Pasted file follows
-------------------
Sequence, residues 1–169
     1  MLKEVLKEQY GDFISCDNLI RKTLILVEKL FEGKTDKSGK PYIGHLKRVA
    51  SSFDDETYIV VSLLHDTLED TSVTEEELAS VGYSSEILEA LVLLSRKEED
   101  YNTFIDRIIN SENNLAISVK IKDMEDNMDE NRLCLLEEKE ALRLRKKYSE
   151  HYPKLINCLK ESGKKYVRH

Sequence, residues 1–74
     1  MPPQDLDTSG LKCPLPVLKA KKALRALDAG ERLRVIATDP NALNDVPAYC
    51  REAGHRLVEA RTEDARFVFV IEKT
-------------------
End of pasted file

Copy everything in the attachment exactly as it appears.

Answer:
Sequence, residues 1–169
     1  MLKEVLKEQY GDFISCDNLI RKTLILVEKL FEGKTDKSGK PYIGHLKRVA
    51  SSFDDETYIV VSLLHDTLED TSVTEEELAS VGYSSEILEA LVLLSRKEED
   101  YNTFIDRIIN SENNLAISVK IKDMEDNMDE NRLCLLEEKE ALRLRKKYSE
   151  HYPKLINCLK ESGKKYVRH

Sequence, residues 1–74
     1  MPPQDLDTSG LKCPLPVLKA KKALRALDAG ERLRVIATDP NALNDVPAYC
    51  REAGHRLVEA RTEDARFVFV IEKT